Caring for a Loved One After a Stroke

When a loved one suffers a stroke, friends and family often feel shock, sadness, and a sense of helplessness. Coming to terms with these emotions may be painful; becoming a caregiver to your loved one may be even more stressful and exhausting. If you are caring for a loved one who has suffered a stroke, we urge you to review these important recommendations post-stroke.

Create a Team

Your loved one may require evaluation and treatment from a number of different medical providers (i.e.: primary care provider, neurologist, cardiologist, psychologist) as well as rehabilitation care specialists (i.e.: case worker, social worker, occupational and physical therapists.) Along with other key family members (i.e.: caregiver, family members, friends), you can create a team with the health care professionals to proactively communicate all developments related to your loved one. If possible, schedule regular status call updates. Most importantly, ensure that all team members are connected so they can provide the right care required by your loved one.

Evaluate What Level of Care is Needed

If your loved one can’t return to a previous lifestyle after a stroke, what type of care will he or she need? What activities will your loved one need help with? Will your loved one move in with a family member or will he or she require assisted living?

Together, the medical and rehabilitation specialists along with the hospital social worker or insurance case manager can work with your family to assess the level of care that your loved one currently needs as well as what he or she may need in the short-term. Key facts in this decision include how much the individual can do on their own (i.e.: getting dressed, eating, showering, using the bathroom, talking, writing.)

If the assessment concludes with you or another family member becoming a caregiver, be sure to create a plan that includes help from family members, neighbors, friends and nurse aides.

Becoming a caregiver can be rewarding yet demanding. As a caregiver, you need to take proper care of yourself. So, in addition to the medical and therapy appointments you arrange for your loved one, you must schedule some personal time every day to take a walk, do yoga, listen to music, or just relax with a good book or a movie. Many caregivers use affordable in-home help or adult daycare programs.

In-Home Nursing Assistance1

  • In-Home Help
    • Nursing aides help with meal preparation, bathing, grooming, toileting, medication management, checking vital signs, as well as household cleaning, laundry, and transportation.
  • Adult Daycare
    • Facilities that offer exercise, art, music and therapy.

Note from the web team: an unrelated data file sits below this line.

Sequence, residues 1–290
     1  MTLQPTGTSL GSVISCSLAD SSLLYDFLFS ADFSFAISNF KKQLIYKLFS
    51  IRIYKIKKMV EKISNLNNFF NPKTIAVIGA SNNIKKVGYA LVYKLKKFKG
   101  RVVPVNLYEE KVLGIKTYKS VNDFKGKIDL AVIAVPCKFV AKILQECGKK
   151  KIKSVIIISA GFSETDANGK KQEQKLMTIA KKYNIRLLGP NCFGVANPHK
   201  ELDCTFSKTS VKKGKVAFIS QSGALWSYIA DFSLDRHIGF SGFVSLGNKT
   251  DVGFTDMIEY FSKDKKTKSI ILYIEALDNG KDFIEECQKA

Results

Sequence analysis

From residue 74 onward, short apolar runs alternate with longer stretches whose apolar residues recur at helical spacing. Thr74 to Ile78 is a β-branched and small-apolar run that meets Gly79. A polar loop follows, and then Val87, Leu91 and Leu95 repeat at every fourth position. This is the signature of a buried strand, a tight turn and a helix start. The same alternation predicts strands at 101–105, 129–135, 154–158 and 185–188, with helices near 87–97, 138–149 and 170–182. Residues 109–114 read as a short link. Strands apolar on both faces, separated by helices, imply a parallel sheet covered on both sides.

If more care is needed, then evaluating specialized care facilities is the next step. These facilities range in price; higher levels of care are generally associated with higher costs.

Post-Stroke Care in a Facility

  • Assisted-living
    • Private apartments; aides can help with meals, laundry, cleaning, medication management and personal grooming.
  • Residential Care
    • Similar to assisted-living but typically with communal meals.
  • Nursing Homes
    • 24/7 skilled nursing care including toilet use.
  • Continuing Care
    • Facility providing all levels of care.

1Adapted from digital guide from the National Stroke Association. https://www.stroke.org/we-can-help/caregivers-and-family/careliving-guide

Rehabilitation

Whichever living arrangements are selected, ensuring that your loved one starts a rehabilitation program as soon as possible is crucial for recovery. Much stroke-related recovery occurs within the first 6 weeks although slower recovery continues over the next few months.

Do you have questions about caring for seniors? Expicare can help. Contact us at 561-736-1422, toll-free: 855-730-9895, or visit www.expicare.com. For more information on caring for a loved one who has suffered a stroke, check out a great digital guide from the National Stroke Association.

Expicare Nursing Agency, Inc.

Owned and managed by highly qualified Registered Nurses, Expicare is a recognized leader of home health care in South Florida. For over three decades, Expicare has provided unparalleled home health care to thousands of patients throughout Palm Beach County. From post-surgery assistance to compassionate care for patients and families struggling with Alzheimer’s, Expicare provides highly skilled nurses and nursing assistants to care for your parents or loved ones. For more information, contact 561-736-1422, toll-free: 855-730-9895, or visit www.expicare.com.